There hasn’t been much evidence these tactics worked; recent protest in May saw over 1600 arrested, including 158 children spanning 27 cities.

3) Youth jailed are accused of anti-government plots.

The ten protestors whose detainment triggered the “March of the Mothers” have been held since March 2018 charged with using social media for “involvement in a terrorist community.” Two members of the group called “Novoe Velichie” or (New Greatness) were young women: Anna Pavlikova (17 at the time of her arrest) and Maria Dubovik (19).

They argue they were not interested in overthrowing the government, however they admit they were being critical and were merely using the chat system Telegram to vent. On August 16, thanks to pressure from the protests, they were released on house arrest.

Telegram is an end-to-end social media app that’s popular because it turns your message into code, which means only you and the receiver can read it. Telegram has come under fire recently because whistleblowers have used the platform to send tips to journalists or to Navalny. The government has attempted to block the platform, which was met by protests.

4) The conflict: accusations of FSB entrapment.

A lawyer for the girls has asserted the charges are false. According to an OVD-Info investigation, an organization which monitors politically motivated arrests inside Russia, a Federal Secret Service (FSB) agent was the founding member of New Greatness. Further alleged, the FSB fully funded the group, inside agents stirred up emotion, gave kids meeting space, and trained selected members on the use of explosive devices.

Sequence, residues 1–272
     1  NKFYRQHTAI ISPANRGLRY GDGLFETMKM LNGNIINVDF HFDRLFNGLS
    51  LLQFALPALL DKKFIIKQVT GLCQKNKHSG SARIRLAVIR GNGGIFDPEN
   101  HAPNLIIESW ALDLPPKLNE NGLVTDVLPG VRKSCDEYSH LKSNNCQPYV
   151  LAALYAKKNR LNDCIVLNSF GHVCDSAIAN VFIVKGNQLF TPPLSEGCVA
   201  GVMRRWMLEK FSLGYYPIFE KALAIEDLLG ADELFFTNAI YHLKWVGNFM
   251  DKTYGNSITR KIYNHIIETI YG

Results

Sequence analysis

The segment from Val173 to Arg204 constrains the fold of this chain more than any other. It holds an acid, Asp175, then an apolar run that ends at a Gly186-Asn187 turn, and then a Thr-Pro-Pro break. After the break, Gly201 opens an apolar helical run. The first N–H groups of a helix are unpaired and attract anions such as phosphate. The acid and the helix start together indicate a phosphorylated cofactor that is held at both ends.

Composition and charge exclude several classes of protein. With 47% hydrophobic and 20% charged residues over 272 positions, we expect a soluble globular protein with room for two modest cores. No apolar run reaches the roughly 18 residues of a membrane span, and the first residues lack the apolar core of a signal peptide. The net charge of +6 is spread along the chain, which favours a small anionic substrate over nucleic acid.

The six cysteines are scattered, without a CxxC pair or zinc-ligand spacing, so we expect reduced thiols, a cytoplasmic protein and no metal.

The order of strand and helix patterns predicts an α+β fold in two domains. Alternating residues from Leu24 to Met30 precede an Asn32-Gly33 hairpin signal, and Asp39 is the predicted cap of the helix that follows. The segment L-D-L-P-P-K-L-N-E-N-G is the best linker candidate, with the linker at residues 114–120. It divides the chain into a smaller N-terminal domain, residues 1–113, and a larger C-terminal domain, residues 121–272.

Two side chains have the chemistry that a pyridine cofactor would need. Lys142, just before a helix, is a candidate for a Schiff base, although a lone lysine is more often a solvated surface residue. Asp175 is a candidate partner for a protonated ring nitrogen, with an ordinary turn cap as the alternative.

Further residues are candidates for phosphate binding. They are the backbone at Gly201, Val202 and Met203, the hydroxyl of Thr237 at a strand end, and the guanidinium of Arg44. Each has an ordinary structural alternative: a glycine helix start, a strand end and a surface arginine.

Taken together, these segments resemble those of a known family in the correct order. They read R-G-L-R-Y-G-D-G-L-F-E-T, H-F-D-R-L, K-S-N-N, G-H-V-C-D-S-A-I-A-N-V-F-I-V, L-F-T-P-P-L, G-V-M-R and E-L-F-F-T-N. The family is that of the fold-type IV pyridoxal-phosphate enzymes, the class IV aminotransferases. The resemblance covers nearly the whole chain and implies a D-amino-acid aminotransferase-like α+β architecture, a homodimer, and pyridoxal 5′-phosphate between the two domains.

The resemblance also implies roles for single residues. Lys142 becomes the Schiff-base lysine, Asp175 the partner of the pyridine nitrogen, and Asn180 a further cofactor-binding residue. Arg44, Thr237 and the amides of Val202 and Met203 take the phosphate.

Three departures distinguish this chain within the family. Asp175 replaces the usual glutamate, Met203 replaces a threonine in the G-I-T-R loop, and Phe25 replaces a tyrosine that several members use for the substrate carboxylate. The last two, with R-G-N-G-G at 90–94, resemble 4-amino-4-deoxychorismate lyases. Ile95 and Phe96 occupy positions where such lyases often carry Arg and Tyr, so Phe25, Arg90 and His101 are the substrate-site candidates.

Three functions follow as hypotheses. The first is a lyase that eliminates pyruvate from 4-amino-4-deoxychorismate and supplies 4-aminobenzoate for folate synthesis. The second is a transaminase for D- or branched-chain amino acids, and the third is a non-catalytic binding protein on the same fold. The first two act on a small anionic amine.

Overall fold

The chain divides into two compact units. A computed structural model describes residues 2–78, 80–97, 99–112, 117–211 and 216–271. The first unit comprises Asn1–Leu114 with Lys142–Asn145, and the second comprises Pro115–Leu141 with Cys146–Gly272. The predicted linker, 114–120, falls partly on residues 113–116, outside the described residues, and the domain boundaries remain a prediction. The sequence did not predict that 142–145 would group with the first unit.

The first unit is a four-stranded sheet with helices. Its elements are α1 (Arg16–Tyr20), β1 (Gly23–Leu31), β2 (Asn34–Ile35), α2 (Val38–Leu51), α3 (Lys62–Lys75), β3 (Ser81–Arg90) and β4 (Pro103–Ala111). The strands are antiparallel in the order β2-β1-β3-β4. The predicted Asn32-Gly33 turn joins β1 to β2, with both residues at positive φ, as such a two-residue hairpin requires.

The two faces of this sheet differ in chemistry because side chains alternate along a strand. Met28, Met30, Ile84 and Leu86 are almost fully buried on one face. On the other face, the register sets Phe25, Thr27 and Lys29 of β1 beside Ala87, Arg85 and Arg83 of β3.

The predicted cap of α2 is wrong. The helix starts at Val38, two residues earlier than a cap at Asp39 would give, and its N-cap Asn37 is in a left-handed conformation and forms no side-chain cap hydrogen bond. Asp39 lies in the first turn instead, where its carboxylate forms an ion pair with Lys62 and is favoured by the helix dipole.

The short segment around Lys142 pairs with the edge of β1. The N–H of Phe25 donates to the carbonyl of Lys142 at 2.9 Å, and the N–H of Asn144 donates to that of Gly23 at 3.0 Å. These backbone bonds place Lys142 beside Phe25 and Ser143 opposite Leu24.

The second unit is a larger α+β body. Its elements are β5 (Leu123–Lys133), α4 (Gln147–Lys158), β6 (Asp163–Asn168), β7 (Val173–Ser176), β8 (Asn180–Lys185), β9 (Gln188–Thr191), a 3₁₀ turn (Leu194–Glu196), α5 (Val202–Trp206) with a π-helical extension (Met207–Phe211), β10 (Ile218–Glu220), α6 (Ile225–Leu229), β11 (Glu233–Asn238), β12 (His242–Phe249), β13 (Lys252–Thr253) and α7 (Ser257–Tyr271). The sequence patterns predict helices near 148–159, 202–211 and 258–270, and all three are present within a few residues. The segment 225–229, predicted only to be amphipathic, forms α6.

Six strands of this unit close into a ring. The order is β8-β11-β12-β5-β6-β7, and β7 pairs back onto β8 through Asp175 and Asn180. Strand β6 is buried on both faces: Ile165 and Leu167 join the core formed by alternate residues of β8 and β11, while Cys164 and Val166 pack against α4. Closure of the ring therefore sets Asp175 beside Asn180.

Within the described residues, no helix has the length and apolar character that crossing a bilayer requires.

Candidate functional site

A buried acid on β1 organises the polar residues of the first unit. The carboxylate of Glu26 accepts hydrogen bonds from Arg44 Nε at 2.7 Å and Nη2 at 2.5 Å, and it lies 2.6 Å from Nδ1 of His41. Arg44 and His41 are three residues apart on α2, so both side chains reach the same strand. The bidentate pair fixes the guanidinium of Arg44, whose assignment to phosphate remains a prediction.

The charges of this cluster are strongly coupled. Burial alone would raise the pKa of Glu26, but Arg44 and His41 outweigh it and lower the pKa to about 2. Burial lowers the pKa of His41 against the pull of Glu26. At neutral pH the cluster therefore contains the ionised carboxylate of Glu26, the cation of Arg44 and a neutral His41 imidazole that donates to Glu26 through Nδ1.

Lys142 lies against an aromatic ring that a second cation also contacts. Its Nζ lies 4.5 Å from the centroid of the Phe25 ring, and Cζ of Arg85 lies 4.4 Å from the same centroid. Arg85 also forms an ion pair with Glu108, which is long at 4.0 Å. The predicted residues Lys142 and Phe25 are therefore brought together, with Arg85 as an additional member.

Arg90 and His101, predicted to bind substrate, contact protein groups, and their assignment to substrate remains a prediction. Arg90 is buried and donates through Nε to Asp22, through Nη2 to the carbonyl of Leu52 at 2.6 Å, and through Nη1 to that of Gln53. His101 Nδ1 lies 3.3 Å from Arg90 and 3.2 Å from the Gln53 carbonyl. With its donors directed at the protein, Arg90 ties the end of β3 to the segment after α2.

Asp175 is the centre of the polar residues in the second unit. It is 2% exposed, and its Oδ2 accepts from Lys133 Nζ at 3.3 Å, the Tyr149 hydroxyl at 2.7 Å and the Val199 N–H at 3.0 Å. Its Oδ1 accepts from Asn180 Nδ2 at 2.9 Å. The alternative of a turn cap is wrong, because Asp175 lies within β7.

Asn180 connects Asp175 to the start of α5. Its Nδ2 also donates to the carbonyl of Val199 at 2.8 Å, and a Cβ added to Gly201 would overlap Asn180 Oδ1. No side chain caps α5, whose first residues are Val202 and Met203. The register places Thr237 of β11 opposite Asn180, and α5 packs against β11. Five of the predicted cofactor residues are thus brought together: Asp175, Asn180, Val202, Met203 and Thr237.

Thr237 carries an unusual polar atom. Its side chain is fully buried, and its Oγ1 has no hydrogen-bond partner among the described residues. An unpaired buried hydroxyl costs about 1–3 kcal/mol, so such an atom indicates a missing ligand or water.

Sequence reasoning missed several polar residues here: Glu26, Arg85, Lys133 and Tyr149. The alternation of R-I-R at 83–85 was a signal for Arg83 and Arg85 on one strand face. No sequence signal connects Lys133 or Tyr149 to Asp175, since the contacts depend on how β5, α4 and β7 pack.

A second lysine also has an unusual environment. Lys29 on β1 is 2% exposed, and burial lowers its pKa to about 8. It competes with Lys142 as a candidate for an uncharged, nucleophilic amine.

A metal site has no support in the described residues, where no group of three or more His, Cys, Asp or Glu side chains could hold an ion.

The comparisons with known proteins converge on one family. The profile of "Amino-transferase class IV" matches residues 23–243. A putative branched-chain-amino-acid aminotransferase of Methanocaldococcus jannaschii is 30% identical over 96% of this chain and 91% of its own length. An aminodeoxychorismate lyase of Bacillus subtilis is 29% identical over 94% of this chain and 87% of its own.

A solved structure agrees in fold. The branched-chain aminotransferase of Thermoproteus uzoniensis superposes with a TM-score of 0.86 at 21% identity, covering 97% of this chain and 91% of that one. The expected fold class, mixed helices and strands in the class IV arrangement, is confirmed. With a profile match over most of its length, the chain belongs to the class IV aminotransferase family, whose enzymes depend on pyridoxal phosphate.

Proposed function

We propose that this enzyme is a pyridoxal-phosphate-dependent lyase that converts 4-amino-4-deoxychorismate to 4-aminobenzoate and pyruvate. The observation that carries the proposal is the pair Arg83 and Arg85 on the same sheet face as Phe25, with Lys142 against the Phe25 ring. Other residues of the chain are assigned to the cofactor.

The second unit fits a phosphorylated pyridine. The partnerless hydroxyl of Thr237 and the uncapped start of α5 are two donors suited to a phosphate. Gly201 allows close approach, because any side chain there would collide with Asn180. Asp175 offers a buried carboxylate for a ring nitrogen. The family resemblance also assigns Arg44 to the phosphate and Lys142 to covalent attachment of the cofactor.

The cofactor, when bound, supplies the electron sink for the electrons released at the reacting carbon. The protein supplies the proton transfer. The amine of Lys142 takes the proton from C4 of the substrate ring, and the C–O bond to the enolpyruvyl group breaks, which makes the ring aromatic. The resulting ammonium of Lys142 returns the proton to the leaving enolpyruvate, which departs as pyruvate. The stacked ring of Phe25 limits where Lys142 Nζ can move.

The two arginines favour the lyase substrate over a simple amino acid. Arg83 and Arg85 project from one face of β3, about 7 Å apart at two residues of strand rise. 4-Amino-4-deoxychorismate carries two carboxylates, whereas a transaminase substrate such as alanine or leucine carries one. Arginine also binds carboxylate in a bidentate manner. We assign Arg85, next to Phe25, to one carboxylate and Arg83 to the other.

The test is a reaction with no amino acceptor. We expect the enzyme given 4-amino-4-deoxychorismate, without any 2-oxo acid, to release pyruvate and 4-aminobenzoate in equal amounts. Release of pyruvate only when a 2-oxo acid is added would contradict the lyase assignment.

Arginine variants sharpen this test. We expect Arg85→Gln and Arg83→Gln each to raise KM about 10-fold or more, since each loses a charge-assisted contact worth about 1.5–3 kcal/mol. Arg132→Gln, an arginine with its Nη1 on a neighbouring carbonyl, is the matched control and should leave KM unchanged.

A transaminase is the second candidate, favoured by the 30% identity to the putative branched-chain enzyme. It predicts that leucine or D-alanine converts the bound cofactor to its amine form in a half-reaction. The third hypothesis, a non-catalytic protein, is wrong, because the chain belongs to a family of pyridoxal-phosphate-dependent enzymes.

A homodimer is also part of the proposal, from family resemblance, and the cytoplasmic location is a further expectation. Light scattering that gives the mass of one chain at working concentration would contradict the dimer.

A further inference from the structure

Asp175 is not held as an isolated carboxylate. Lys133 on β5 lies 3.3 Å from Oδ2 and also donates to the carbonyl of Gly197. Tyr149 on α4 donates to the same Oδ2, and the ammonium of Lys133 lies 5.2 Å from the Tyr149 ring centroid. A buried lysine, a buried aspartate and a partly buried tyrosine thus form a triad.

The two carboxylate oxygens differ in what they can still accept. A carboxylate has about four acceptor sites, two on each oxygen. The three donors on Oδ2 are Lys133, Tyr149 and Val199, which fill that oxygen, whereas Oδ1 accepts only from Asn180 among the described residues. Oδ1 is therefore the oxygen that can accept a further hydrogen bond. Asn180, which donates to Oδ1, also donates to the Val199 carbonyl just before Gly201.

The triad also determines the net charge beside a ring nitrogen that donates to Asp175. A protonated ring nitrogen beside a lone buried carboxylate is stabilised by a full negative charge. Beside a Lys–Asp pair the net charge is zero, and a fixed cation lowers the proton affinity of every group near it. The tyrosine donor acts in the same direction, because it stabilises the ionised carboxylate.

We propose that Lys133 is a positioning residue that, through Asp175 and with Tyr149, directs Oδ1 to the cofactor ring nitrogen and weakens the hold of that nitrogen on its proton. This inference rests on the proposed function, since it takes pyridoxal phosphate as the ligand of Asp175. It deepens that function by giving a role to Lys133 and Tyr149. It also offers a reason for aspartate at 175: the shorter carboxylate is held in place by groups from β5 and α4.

Because Telegram doesn’t allow underage children to create their own account, Anna had to use her mother’s account. This gives her mother full access to the records.

Anna’s mother describes a step-by-step process. First, the organizer Ruslan D. begins by building trust with the kids then prods them. She alleges he pushed them to move beyond and got them a meeting space, then purchased them printer. Next they were making flyers and passing them out. None of it would have happened, she claims, if this FSB agent was not organizing them, provoking them.

5) The noose continues to tighten around civil society in Russia.

None of this bodes well for the future of civil society. Since 2002, the crack-down has been relentless from decimation of the free press, to the political opposition, and increasingly on average citizens ability to openly express discontent with their government. This has now extended to youth.

With a generation who has grown up only knowing life under Putin, the question remains: will these authoritarian-styled entrenching tactics work to subdue them? Or could they potentially backfire?

If lessons from recent history can garner any clues, they also play on Putin’s greatest fears: something like the Arab Spring, when Tunisian & Egyptian youth organized via Twitter to overthrow their own government, might be coming for him.

The bubbling discontent of angry youth and a tempest of internet social networks could just collide to poke the Great Bear in his den.

However, because Putin still has a large base of support, the likelihood of success of such a venture seems out of grasp.

Nicolè Ford, Ph.D. teaches courses on Comparative Politics at The University of Tampa.


bottom of page